IR35 and how it effects your mortgage chances

November marks six months’ since HMRC’s off-payroll working rules change, one of the biggest issues that have faced contractors in many years.

As a contractor specialist mortgage broker, one of the areas that our clients seek advice around, is whether a change in working circumstances will adversely affect their borrowing chances, whether a new contract, new client, or most commonly in 2021, a change of payment structure.

Given the potentially huge financial difference between the various payment structures, the decision to move from Limited Company to Umbrella, or between Umbrella companies is understandably a big one.

“As a contractor specialist, there are many areas in which the information and advice that we give our clients can impact them financially, none more so than the manner in which they receive their contract income” says Andy McBride, director of Professional Contractor Mortgages. “Understandably this year with the rule changes from HMRC, the biggest one of those is whether it impacts borrowing potential whether inside or outside of IR35.”

“The short answer is no, however there are certainly some things to be aware of that can be hidden hazards when it comes to mortgage underwriting.”

The decision to take on a role inside IR35 with such scrutiny from HMRC now is a big one. In theory, being paid via an umbrella company is no different to being paid via a Limited Company for mortgage purposes, as lenders will be assessing income from your contract, rather than payslips.

Due to the many ways that Umbrella companies have operated historically, however, there are minor differences that can have a big impact at underwriting stage.

“A true Contractor Mortgage is one where income assessment is taken from the contracted daily or hourly rate, rather than looking specifically at what is received after deductions” adds McBride. “Naturally, the range between Umbrella company and Limited Company contractors can be enormous in terms of how much they personally receive, for many reasons.”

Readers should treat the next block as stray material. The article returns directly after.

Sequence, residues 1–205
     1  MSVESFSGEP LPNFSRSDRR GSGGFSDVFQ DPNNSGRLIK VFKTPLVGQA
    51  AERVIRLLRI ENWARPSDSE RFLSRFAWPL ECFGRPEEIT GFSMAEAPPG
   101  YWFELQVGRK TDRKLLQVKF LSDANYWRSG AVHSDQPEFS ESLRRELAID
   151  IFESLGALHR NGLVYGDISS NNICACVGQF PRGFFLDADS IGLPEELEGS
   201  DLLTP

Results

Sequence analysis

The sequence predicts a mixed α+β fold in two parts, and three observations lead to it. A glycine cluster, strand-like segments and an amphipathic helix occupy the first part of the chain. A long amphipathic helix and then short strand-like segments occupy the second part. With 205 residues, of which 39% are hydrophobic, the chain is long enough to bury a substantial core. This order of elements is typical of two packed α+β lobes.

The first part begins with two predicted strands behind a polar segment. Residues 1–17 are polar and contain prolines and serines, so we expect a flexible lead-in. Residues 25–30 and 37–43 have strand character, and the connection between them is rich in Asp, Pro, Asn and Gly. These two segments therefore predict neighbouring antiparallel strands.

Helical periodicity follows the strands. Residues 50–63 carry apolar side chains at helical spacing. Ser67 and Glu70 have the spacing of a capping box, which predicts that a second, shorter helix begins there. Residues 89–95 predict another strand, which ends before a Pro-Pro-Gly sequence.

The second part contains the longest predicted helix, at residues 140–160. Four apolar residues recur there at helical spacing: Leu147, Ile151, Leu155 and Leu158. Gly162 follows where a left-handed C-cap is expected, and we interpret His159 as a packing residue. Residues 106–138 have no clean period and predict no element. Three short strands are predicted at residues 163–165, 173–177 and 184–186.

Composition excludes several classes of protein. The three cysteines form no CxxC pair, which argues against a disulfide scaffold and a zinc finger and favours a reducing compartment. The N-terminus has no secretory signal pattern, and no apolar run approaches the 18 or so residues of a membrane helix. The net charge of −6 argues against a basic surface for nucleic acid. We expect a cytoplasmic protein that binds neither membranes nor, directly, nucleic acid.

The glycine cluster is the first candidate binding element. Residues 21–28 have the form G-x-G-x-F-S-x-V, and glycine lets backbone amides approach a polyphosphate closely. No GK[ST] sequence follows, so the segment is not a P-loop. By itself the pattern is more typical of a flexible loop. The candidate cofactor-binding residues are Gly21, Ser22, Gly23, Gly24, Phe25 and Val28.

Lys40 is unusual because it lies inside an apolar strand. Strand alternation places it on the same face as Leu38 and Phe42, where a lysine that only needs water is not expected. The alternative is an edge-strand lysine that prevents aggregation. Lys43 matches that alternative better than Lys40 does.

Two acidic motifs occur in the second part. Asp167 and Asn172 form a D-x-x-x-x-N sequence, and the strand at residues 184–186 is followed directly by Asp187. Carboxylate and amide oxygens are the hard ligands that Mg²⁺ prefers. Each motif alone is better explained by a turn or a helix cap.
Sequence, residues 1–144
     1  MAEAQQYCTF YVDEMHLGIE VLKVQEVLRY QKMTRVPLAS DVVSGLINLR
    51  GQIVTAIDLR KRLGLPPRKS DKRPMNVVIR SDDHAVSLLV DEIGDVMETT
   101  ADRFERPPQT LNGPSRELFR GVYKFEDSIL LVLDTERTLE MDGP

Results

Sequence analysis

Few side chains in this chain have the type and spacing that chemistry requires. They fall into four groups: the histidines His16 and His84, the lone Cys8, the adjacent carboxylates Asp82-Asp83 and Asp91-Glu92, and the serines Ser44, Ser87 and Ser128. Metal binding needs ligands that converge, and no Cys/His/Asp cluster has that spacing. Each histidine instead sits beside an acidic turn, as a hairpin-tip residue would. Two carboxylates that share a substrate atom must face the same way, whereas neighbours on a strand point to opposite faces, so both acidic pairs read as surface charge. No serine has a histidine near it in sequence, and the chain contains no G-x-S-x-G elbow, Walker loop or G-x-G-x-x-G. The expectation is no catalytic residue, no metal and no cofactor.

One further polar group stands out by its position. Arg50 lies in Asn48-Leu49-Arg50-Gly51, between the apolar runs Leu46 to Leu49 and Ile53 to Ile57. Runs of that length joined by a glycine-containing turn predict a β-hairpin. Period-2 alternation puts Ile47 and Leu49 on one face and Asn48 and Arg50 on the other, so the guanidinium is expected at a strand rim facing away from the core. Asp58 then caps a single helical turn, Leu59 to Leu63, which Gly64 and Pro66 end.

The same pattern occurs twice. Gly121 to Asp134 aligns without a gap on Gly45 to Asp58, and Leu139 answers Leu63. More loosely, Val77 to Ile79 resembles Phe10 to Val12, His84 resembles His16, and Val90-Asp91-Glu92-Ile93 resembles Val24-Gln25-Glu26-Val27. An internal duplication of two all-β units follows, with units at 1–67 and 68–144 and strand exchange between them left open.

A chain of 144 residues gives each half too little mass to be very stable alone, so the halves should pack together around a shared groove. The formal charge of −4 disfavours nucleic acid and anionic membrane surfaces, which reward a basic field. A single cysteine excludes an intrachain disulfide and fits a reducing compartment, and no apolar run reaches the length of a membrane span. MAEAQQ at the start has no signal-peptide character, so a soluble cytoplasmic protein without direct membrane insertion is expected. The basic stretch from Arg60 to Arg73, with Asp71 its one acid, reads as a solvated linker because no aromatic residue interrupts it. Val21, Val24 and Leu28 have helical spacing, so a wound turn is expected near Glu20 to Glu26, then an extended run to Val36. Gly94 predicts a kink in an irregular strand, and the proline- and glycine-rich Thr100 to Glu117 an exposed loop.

“One crucial factor to consider for mortgage funding if inside IR35, is the way in which your Umbrella company actually pays you, and how this is recorded.”

When assessing income for an Umbrella contractor, lenders will look at how your pay is broken down and what is deducted. Whether Umbrella margins, employer deductions or income tax deductions, it is important to know exactly what these are in order to ensure you are assessed fairly.

“While there are some lenders who will base lending on the actual net figure on your payslip, others can erroneously assess income because of factors that only come to light when they look at the actual calculations” continues McBride. “Crucially, how the deductions and payments are actually marked on your payslip and bank transactions can make or break an application.”

With January of 2022 predicted to be the busiest ever month in terms of remortgage renewals, time is likely to be of the essence when considering mortgage options for Contractors over the coming months.

“Timing is key” concludes McBride. “Investigate your options without delay to make sure that any questions over renumeration method do not cause either declined applications or lengthy delays, as the switch to Standard Variable Rates for many is likely to be an expensive one.”

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